The major offering in 2012-2013 supported by the USM Gorham Cultural Affairs Committee was the March 2013 Da Capa Chamber Players Residency and Concert.
The residency proved to be a transformative experience for many of our students. To have the outstanding players of Da Capo in our midst for three days, reading student works, performing, coaching, speaking, and just being available, was like a jolt of electricity in the middle of a cold, snowy semester. Students were able to witness the professionalism with which Da Capo carried out their work, and also the level of skill and experience the members demonstrated, and were inspired.
Student composers were able to get top rate recordings of their compositions by a world class new music ensemble. Student performers were driven to excel by performers who really understood the details of bringing contemporary music to life. The public was treated to a mesmerizing performance by Da Capo and Lucy Shelton, which featured Schoenberg's Pierrot Lunaire, and also the world premiere of a work by USM resident composer Daniel Sonenberg written for the occasion. All in all it was an educational and riveting three days.
In the first recording session, Da Capo read, rehearsed, and recorded new compositions by three students. There was time for each student to give feedback and coach the ensemble in the performance of their works. The entire session was recorded w/ the School of Music's mobile recording unit, and students were able to edit the recordings subsequently and receive high quality recordings for their portfolio. These sessions were open to the public, and approximately 20 people who were not involved w/the readings were present for each, most of them music students.
In the master class, members of the Da Capo Chamber players coached students in performances of two different pieces - a piano and violin piece by Messiaen, and a string quartet by Daniel Sonenberg. The students were encouraged to deal with various issues in contemporary music performance in elevating their renditions of the works. Approximately 50 students were in attendance.
Pat Spencer (flute) and Meighan Stoops (clarinet) attended the USM Composers Ensemble's rehearsal, and spoke with students afterwards - particularly the wind players.
On Wednesday, a unique concert of contemporary music, featuring a performance of Arnold Schoenberg's Pierrot Lunaire on the occasion of the work's 100th anniversary. Soprano Lucy Shelton is one of the foremost interpreters of this work, and she performed it before a nearly full auditorium. Da Capo also premiered Delve (2013) by Daniel Sonenberg, and performed a new piece by Valery Coleman.
On Thursday, Da Capo Flautist Pat Spencer gave a slide lecture on the relationship between the artist Paul Klee and musical structure. Approximately 30 students were in attendance. Most of the students were music students, while the hope for wider attendance by art students was foiled by snow.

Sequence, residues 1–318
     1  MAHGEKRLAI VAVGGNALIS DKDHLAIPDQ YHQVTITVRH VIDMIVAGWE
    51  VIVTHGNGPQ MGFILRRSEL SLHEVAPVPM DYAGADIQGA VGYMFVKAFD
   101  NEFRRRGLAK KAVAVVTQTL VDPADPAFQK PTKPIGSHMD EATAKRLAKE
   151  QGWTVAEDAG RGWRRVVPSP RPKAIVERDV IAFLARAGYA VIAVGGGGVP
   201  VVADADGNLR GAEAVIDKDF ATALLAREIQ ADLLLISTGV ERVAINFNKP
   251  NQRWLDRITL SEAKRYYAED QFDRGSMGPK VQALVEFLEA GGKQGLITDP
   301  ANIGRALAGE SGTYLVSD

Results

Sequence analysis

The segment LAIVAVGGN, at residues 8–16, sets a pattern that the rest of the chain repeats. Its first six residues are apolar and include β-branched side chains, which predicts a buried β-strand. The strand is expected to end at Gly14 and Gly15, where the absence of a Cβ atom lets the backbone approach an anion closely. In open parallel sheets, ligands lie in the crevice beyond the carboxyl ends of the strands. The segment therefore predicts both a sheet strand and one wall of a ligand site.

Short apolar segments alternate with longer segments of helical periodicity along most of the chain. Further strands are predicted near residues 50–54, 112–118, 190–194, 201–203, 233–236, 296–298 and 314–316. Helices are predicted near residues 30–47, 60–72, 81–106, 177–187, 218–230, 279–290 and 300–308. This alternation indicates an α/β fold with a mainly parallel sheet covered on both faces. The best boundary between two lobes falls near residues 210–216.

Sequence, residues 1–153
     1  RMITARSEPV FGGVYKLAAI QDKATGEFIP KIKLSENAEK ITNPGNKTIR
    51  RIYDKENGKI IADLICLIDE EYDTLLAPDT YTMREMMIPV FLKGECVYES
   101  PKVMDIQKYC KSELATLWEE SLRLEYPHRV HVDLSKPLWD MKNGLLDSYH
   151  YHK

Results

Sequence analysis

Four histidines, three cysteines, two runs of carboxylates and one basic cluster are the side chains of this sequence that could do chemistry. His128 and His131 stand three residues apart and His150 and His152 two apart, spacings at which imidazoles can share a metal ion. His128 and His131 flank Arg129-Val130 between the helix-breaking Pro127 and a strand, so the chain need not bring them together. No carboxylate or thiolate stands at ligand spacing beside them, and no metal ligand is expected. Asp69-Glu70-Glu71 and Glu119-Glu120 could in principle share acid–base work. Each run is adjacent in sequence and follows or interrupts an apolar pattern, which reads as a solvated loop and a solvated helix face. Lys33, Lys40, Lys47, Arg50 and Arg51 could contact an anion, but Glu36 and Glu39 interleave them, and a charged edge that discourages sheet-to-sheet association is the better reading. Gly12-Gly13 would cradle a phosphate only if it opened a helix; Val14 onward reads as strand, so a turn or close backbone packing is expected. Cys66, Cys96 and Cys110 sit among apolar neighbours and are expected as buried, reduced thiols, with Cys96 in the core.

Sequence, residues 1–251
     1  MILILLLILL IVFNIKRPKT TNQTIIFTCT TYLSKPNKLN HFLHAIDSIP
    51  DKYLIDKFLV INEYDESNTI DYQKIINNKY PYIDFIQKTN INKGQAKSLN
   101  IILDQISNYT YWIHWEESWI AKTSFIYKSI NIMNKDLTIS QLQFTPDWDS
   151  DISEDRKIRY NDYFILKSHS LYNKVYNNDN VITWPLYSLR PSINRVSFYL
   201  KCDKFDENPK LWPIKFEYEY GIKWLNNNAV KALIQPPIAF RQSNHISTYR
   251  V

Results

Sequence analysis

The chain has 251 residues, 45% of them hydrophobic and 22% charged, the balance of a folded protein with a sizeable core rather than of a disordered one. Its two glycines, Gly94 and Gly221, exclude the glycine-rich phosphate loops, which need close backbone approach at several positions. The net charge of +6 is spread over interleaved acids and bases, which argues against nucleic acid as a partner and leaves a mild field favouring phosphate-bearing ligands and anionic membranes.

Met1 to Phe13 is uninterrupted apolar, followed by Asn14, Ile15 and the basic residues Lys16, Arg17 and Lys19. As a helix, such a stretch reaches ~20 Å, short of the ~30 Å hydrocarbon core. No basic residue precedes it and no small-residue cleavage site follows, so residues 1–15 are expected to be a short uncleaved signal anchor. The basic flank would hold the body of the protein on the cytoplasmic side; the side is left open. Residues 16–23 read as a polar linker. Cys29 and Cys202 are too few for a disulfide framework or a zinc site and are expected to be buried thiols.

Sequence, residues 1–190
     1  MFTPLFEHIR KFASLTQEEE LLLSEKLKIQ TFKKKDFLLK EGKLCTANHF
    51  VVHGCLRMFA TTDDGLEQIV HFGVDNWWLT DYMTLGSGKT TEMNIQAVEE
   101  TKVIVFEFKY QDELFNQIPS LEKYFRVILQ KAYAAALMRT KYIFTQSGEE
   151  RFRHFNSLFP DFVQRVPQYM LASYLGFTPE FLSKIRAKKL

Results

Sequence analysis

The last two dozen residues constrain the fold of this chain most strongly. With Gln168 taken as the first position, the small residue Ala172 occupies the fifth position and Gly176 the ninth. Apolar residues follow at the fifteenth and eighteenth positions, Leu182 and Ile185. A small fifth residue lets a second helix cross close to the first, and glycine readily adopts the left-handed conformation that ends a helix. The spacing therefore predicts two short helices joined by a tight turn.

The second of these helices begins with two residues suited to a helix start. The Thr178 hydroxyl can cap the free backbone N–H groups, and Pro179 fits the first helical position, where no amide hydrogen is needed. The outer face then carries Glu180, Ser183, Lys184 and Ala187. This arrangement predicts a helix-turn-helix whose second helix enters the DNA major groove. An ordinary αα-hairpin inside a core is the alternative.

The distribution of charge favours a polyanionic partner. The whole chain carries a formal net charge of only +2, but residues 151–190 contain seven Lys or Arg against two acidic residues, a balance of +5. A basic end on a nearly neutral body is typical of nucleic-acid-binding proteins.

Schoenberg's Pierrot Lunaire is a seminal masterpiece, but also a challenging work to take in, particularly for young music students. To hear and see an interpretation of such whole hearted commitment and such expertise as that offered by Da Capo, and particularly the dramatic soprano Lucy Shelton, was a moment of awakening for many of our students. The concert marked a turning point in the semester for Sonenberg's Music Theory and Aural Skills 4 classes, where they had spent the preceding classes studying Pierrot and Schoenberg's other compositions. Students came back buzzing with excitement after the concert, and had a renewed openness and curiosity about other challenging contemporary pieces.
Of the performances, resident composer Dan Sonenberg said, "the performance of my own piece, Delve, was personally exhilarating, and, I believe, similarly meaningful to students and the general public. As a professor of contemporary music theory and composition, it is gratifying to be able to share the fruits of my own labor with my students and colleagues, and to have it interpreted on such a professional level."
Theatre Major Nathan Lapointe did an outstanding job reading poems by Langston Hughes as part of Valerie Coleman's composition. He worked with theatre professor Meighan Brody, and gave a truly professional level reading during the concert, apparently better than some professional performances experienced by the Da Capo players.
The opportunity for music students to have their works rehearsed and read by an ensemble of Da Capo's caliber is rare for composition students, and the resulting recordings provide students with a lifelong component to their composition portfolio. Da Capo has a history of working with student composers, and it was also tremendously gratifying for myself and my students to get a sense of own works measured up to works by composition students throughout the country (answer: quite well).
Given the fact that the initial concert date was postponed by snow, the community was resilient in coming to support the main event, and there was palpable excitement among visitors during the entirety of the three-day residency.
The three-day residency was sponsored by the USM Gorham Cultural Affairs Committee, and made possible in part with public funds from the NATIONAL ENDOWMENT FOR THE ARTS, which believes that a great nation deserves great art.
The USM Gorham Cultural Affairs Committee is funded by the Dean of the College of Arts, Humanities, Social Sciences at the University of Southern Maine. Watch for the 2013-2014 schedule of events supporting cultural affairs in Gorham.